Early Spring Lawn and Garden Projects

Get ready for summer with these early spring lawn and garden projects!

When winter has dragged on, it can be hard to wait to plant your garden, but if you try digging in your garden too early, you may end up doing more damage than good. Luckily, we're here to help with a list of ideas to keep your green thumb busy until then. Below you will find eight early spring lawn and garden projects for you to try.

8 Early Spring Lawn and Garden Projects

1. Do a Soil Test

Have a soil test done on your dirt, or even do one yourself! You can pick up soil collection bags for your samples at your local extension office or purchase a soil test kit at your local Blain’s Farm & Fleet. Keep in mind you may want to do multiple tests for your lawn soil, and your garden soil as recommendations may vary whether you plan on growing flowers, vegetables, or grass.

A picture of a person working in their garden.

2. Make a Compost Heap or Bin

If you haven’t already done so, now is a great time to get one started. Visit our How to Build a Compost Bin project for step-by-step instructions on how to turn your common household and garden waste into “black gold” for your plants.

3. Replace Your Mulch and Add Amendments

This is a good time to renew the mulch around all your plants before the new foliage fills out. Use the accumulated compost from the winter (yet another reason to build a compost bin if you don’t have one already) and spread it around all your plants–they’ll love you for it when the weather does finally warm up!

4. Prune Your Shrub Roses

When your roses start to bud, you can easily tell where there is deadwood that needs to be removed. When deciding where to prune your roses, look for a healthy bud that is pointing outward. Make your cut at a 45-degree angle about 1/4″ above the rosebud. If you see brown tissue in the center of the cane, go down a little further until you find healthy tissue.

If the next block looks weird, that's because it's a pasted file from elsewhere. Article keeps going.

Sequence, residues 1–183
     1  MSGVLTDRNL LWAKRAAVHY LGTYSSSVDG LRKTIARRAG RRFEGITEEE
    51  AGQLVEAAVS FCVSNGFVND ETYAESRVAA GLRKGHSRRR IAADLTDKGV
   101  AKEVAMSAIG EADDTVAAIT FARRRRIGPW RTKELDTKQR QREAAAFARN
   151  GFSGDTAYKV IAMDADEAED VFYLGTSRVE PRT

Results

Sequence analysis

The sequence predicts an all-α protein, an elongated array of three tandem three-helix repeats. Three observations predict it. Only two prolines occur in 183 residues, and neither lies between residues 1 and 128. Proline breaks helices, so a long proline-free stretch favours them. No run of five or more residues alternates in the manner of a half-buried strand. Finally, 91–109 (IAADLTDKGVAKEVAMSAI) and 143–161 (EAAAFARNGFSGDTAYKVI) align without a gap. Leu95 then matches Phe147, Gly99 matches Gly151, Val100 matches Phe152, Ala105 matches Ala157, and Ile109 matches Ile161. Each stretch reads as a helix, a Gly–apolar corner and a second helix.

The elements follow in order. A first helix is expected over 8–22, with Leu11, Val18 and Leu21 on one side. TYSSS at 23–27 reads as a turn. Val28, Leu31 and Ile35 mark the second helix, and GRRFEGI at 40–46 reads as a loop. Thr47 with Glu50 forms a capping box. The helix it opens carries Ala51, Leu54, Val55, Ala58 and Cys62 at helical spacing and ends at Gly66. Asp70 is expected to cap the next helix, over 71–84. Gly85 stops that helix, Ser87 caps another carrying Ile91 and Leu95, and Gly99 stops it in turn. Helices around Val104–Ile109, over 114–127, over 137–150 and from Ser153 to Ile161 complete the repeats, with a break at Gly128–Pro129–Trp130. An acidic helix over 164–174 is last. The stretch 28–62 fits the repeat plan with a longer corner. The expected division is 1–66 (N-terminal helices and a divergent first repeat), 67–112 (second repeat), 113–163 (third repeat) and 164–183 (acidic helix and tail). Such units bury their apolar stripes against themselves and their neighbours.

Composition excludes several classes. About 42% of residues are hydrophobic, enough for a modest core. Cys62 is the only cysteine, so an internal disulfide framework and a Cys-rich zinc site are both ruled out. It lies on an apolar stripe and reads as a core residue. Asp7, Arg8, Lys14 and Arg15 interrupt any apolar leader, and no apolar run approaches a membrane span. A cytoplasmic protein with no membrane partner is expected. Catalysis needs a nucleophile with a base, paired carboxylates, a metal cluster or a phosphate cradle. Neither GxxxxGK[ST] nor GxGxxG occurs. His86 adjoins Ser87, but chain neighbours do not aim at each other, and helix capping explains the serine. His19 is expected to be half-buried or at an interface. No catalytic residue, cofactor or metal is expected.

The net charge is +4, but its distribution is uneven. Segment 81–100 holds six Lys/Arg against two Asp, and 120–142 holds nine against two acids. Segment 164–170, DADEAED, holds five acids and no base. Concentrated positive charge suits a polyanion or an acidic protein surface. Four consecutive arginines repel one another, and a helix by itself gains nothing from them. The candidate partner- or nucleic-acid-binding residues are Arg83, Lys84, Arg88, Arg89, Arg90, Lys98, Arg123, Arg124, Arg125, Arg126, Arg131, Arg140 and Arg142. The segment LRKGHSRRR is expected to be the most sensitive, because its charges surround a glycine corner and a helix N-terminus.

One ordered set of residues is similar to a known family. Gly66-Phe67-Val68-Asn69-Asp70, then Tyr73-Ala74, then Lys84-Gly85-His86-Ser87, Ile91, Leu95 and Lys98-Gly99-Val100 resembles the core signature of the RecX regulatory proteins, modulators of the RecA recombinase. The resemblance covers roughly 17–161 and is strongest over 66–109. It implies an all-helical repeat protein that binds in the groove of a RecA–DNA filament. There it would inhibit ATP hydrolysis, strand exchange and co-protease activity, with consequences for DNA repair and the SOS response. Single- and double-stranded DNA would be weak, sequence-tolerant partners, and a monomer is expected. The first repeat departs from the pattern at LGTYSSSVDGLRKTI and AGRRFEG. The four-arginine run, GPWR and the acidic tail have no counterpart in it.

5. Clean Out All Your Pots and Containers

Remove old potting soil from your planters and dump it into your compost bin. Do not reuse the same soil mix as any diseases that were present last year will carry over. Scrub each container with powdered laundry detergent and water, then disinfect the pot with bleach and water. Rinse well, and voila–your pots are disinfected and ready to plant when the weather permits.

6. Sharpen and Clean Your Garden Tools

Many gardeners expend twice the energy they need when their garden tools aren’t kept sharpened. An electric grinder or a flat-file are two great ways to get the job done. Start by putting the tool in a vise and make long, firm strokes in one direction. When you’ve sharpened the entire length of the blade, turn the tool over and rub off any burrs. For a more in-depth look, read through our sharpening methods guide.

7. Work on Your Seed Plan

Get out your nursery catalogs, and make sure to get your order in now for all those new perennials you had your eye on when the catalogs first started arriving last January. Planning and dreaming what your garden will look like ensures you will get the most out of the crucial time of spring planting. Don't forget that you can pick up plants, bulbs, and seeds at your local Blain’s Farm & Fleet.

8. Keep a Garden Journal

This can be one of the most satisfying things you can do with your time in the long winter months. Whether it is chores we need to remember when spring comes or where we put a new plant last fall… a garden journal is invaluable but a nifty asset to have.  

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